About the Songwriter

Introduction

In the autumn of 1971 Don McLean's elegiac American Pie entered the collective consciousness, and over thirty years later remains one of the most discussed, dissected and debated songs that popular music has ever produced. A cultural event at the peak of its popularity in 1972, it reached the top of the Billboard 100 charts in a matter of weeks, selling more than 3 million copies; and at eight and a half minutes long, this was no mean feat. But this was no ordinary song, either: boldly original and thematically ambitious, what set American Pie apart had a lot to do with the way we weren't entirely sure what the song was about, provoking endless debates over its epic cast of characters. And these controversies remain with us to this day.

But however open to interpretation the lyrics may have been, the song's emotional resonance was unmistakable: McLean was clearly relating a defining moment in the American experience—something had been lost, and we knew it. Opening with the death of singer Buddy Holly and ending near the tragic concert at Altamont Motor Speedway, we are able to frame the span of years the song is covering—1959 to 1970—as the "10 years we've been on our own" of the third verse. It is across this decade that the American cultural landscape changed radically, passing from the relative optimism and conformity of the 1950s and early 1960s to the rejection of these values by the various political and social movements of the mid and late 1960s.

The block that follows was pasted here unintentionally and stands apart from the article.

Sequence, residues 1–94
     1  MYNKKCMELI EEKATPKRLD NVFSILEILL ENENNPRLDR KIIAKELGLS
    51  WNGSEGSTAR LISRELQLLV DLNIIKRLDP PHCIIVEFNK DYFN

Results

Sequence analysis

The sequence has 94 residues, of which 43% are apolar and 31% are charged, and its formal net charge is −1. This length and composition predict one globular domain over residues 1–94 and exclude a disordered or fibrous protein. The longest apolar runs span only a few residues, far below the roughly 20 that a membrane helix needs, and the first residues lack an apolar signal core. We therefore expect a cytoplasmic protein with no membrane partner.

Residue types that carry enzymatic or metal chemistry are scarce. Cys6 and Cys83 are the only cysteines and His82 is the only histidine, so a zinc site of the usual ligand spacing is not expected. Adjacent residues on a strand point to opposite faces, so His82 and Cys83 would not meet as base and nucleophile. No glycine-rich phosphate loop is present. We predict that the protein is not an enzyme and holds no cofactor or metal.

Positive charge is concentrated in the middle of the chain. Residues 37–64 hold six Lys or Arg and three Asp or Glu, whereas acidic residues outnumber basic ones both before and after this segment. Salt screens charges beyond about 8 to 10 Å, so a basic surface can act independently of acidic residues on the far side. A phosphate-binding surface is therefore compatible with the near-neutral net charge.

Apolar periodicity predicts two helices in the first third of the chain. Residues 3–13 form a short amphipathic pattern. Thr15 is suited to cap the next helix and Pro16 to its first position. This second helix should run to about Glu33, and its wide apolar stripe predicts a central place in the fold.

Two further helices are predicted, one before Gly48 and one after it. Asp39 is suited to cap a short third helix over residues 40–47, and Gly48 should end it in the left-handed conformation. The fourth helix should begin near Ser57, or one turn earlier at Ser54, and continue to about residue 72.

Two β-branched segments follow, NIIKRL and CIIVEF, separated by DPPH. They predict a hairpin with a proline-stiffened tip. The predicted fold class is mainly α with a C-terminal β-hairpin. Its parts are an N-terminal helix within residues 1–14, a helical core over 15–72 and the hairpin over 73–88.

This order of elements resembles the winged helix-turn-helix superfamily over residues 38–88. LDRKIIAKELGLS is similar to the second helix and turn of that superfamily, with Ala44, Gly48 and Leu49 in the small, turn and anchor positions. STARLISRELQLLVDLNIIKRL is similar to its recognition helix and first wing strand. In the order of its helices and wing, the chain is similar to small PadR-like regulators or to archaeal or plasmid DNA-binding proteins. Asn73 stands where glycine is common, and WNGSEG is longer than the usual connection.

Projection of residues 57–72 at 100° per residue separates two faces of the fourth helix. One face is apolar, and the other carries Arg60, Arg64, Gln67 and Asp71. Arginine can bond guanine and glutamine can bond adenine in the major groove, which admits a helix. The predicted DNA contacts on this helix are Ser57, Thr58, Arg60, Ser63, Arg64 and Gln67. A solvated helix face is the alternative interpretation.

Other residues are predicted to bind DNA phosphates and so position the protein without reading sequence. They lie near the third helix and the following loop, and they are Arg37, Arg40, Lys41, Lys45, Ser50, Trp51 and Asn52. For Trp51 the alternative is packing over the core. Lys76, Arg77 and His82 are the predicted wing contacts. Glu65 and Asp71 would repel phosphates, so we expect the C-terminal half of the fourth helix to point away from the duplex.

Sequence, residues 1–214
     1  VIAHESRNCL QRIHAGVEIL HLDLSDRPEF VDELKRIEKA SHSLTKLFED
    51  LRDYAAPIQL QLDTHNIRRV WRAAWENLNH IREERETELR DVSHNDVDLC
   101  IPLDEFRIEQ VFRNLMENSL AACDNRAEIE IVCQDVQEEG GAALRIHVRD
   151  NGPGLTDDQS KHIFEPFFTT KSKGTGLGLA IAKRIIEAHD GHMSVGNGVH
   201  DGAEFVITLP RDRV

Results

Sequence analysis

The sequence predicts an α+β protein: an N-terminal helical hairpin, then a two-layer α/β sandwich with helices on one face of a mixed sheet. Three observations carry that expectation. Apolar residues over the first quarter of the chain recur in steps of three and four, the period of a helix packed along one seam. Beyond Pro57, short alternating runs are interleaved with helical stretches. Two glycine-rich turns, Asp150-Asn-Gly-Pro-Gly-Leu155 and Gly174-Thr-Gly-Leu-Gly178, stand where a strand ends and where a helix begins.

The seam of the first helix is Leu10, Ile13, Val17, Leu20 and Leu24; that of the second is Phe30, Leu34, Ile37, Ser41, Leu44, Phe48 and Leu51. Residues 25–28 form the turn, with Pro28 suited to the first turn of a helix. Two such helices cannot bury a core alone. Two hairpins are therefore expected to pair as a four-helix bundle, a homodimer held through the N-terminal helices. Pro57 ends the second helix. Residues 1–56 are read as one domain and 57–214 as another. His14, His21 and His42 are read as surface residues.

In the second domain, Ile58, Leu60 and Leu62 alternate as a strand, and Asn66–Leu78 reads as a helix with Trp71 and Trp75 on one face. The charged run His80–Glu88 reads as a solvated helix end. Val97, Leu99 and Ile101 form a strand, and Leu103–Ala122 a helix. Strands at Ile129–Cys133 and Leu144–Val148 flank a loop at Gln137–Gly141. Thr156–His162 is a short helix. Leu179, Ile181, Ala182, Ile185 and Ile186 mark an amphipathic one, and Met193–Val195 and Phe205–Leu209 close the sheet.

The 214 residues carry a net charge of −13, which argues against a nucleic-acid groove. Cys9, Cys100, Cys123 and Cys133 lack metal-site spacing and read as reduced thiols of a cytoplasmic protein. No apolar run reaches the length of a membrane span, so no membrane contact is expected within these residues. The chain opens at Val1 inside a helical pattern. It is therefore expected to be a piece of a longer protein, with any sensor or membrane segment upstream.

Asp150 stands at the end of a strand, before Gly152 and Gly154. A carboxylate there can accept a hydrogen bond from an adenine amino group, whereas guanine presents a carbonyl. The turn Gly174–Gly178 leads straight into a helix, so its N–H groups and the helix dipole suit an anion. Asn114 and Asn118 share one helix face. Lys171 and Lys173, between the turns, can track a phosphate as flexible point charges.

Coming as it did near the end of this turbulent era, American Pie seemed to be speaking to the precarious position we found ourselves in, as the grand social experiments of the 1960s began collapsing under the weight of their own unrealized utopian dreams, while the quieter, hopeful world we grew up in receded into memory. And as 1970 came to a close and the world this generation had envisioned no longer seemed viable, a sense of disillusion and loss fell over us; we weren't the people we once were. But we couldn't go home again either, having challenged the assumptions of that older order. The black and white days were over.

Bye bye, Miss American Pie.

•   •   •

The era of the 1950s was a relatively peaceful period in American life, as many of the values of the preceding generation held firm and a general accepetance of the status quo prevailed. Having survived the traumas of the Great Depression and emerging victorious from World War II, we were of the mind that as a society we knew who we were and where we stood in the world; and as the postwar economy thrived and expanded, swelling the ranks of the American middle class, a sense of well-being and prosperity anchored us. It is no wonder, then, that life appeared more stable, more comprehensible, more black and white. This was also reinforced by the popular entertainment of the day, as historian David Halberstam sums up in his book The Fifties:

 

  1 more